Pogosyan said it's much more than just an online parts catalog. "It's like a one-stop shop for all the electronics that we need. One of the good things about it is it cuts down on the administration. We don't need to have two people working on one work order -- one getting the authorization and the other trying to get a part," he said. And that, in turn, makes working with NEW more profitable.
Pogosyan said the thing he likes the most is how the Smart Procurement system goes into multiple databases to look for a given part. Previously, his guys were going into each warehouse's database, one at a time, to see if a given part was in stock. If not, they would have to return to one of them and back-order the part. The new system, he hopes, will both reduce the effort and speed up the repair.
He said he also likes the way the system works in the other direction. NEW no longer has to call him for a status update. It's built into the network. So if the customer calls NEW, the administrator can tell them exactly where things stand with the repair -- when the parts will arrive and when the repair will be completed.
Maddox said this makes NEW look like it's on top of things. "Customers are OK with the fact that something needs a repair," he said. "They just want to make sure that somebody is looking after it."
Kathol said Smart Procurement will also cut down on the number of instances where a repair is delayed so severely that the administrator has to buy the customer a replacement unit. "At the end of the day, a customer wants a truck to show up, fix their products, and be done," he said. "They really don't want to go through a buyout process. No one does. So we're using our connectivity in the distributor world and our ability to look at failure data to forecast what parts are really needed out there. We're trying to do some of the heavy lifting, and take some of the burden off the servicers, to get them focused on repairing products. Let us focus on making sure we have the parts in the system to get the job done."
As an administrator of literally millions of service contracts, NEW is already in possession of deep and detailed records about failure rates and the average cost of repairs. Now, thanks to Smart Procurement, the company also is going to get much more detailed data about what parts are needed for a given unit, to the point where Kathol said he expects it to help NEW with parts forecasting.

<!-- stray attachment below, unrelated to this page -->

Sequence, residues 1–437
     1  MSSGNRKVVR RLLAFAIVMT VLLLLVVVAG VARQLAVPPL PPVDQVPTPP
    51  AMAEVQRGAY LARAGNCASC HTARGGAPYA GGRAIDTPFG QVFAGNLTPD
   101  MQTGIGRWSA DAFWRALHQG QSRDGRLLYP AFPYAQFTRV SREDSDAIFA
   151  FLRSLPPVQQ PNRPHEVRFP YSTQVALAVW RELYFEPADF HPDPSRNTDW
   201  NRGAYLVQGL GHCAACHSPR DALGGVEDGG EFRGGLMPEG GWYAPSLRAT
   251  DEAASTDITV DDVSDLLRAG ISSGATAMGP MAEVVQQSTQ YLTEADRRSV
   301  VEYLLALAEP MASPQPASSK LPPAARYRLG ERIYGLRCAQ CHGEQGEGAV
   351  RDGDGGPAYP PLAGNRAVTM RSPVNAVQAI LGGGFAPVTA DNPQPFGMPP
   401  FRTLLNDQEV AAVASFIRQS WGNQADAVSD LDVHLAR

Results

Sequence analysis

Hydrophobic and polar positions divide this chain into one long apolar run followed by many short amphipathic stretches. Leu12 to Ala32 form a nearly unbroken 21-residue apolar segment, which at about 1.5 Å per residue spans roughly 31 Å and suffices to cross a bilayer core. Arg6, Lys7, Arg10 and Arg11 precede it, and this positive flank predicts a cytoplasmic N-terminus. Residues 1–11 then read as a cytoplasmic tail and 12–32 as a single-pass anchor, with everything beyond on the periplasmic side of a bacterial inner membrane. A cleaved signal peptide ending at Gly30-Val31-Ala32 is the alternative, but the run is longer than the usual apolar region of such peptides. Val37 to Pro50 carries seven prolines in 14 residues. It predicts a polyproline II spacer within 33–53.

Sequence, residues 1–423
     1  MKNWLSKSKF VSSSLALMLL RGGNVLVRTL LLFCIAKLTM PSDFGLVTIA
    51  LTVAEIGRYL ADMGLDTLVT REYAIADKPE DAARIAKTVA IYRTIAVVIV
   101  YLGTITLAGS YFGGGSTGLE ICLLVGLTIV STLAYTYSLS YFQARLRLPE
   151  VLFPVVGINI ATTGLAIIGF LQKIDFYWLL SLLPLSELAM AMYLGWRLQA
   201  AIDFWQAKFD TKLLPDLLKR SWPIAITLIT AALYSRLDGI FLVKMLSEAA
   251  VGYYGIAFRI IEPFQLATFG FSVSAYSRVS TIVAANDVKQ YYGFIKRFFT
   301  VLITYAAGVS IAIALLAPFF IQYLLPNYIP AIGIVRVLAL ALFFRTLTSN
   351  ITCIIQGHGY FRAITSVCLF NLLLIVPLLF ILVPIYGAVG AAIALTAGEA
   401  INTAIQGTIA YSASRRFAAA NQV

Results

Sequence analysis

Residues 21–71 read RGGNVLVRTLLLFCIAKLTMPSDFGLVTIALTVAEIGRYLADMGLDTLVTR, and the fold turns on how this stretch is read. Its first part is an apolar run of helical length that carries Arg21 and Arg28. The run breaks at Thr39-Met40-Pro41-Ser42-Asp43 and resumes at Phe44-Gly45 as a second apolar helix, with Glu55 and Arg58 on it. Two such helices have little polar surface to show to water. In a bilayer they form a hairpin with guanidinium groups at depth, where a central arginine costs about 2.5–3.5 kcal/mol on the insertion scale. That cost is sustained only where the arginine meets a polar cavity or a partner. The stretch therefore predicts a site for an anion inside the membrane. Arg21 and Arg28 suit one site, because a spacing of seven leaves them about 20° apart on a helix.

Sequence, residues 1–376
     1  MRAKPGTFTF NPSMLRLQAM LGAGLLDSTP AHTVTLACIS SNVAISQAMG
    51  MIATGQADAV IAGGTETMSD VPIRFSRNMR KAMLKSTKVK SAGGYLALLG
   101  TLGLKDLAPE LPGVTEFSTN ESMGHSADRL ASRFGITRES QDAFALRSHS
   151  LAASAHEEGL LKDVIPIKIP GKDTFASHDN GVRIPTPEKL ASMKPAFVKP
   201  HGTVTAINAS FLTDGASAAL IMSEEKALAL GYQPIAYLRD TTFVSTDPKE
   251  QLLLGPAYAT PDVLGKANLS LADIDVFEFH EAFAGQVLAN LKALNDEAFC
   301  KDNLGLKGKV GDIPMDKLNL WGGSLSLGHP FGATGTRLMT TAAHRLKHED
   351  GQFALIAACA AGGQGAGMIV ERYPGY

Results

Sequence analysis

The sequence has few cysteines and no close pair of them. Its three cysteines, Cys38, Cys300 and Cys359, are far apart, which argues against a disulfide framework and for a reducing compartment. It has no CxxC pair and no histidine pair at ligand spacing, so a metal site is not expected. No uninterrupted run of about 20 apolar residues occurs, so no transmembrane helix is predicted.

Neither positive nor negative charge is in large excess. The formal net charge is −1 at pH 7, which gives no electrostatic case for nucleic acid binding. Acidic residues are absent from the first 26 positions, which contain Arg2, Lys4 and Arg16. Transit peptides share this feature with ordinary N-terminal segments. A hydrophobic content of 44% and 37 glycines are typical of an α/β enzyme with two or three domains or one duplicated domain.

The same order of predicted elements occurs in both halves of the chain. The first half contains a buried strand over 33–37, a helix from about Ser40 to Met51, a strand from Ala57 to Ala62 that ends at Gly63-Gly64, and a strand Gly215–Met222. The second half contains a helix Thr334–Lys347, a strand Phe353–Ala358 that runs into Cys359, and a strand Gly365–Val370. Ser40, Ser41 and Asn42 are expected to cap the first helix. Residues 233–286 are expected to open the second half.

In other words, if NEW knows how many units were sold in a given city and how many have service contracts, it can make some very educated guesses about where and when the spare parts will need to be in the future. And then when a customer calls in and describes a problem over the phone, NEW can make some very educated guesses about what parts are needed. If it's a housecall, NEW can make sure the most-likely-to-be-needed parts are on the truck before it rolls. And so on.
Maddox said the Smart Procurement system is designed to be able to connect with any type of parts distributor or manufacturer, to search their databases for parts, and then to interface with any service provider that is on the ServiceBench network. He said this will be the case for all industries served by NEW and ServiceBench: consumer electronics, computers, appliances, HVAC, exercise equipment, outdoor power equipment, and others.
"We'll be starting off primarily with consumer electronics and appliances, but we'll branch out as we roll this out over the next six to twelve months," he said. "We're currently out there training all of the service providers that are in our network. On ServiceBench today, they can sign up for training classes on how to access the Smart Procurement portal, and be able to order their parts. The training takes somewhere between 20 and 30 minutes. We started training last Monday. And we've already had hundreds of servicers go through the training."
Biggest Problems First
Kathol said that during this pilot phase, Smart Procurement will be aimed first at searches for hard-to-find parts, where delays, escalations and buyouts have been frequent. "We're rolling slow with those calls that require exceptional parts," he said. "Allowing us to find those helps us to improve satisfaction, get a faster turn time, reduce those escalations for the retailer, and improve their brand loyalty."
By the end of June, Kathol said NEW will have rolled out Smart Procurement to a few more servicers. And then in early July, he said he's looking for a full roll-out schedule of Phase One, and then more features and functionality added in the following two to three months.
Maddox said if all goes well, within a few months NEW's customers may notice faster repairs and better communications about the repairs. But they won't know why. And that's just fine with him. "In these economic times, we know that we need to improve the service offering," he said. "We need to improve the customer experience. We need to help our clients maintain their brand loyalty. We need to do those things. And this is the way we felt we needed to go."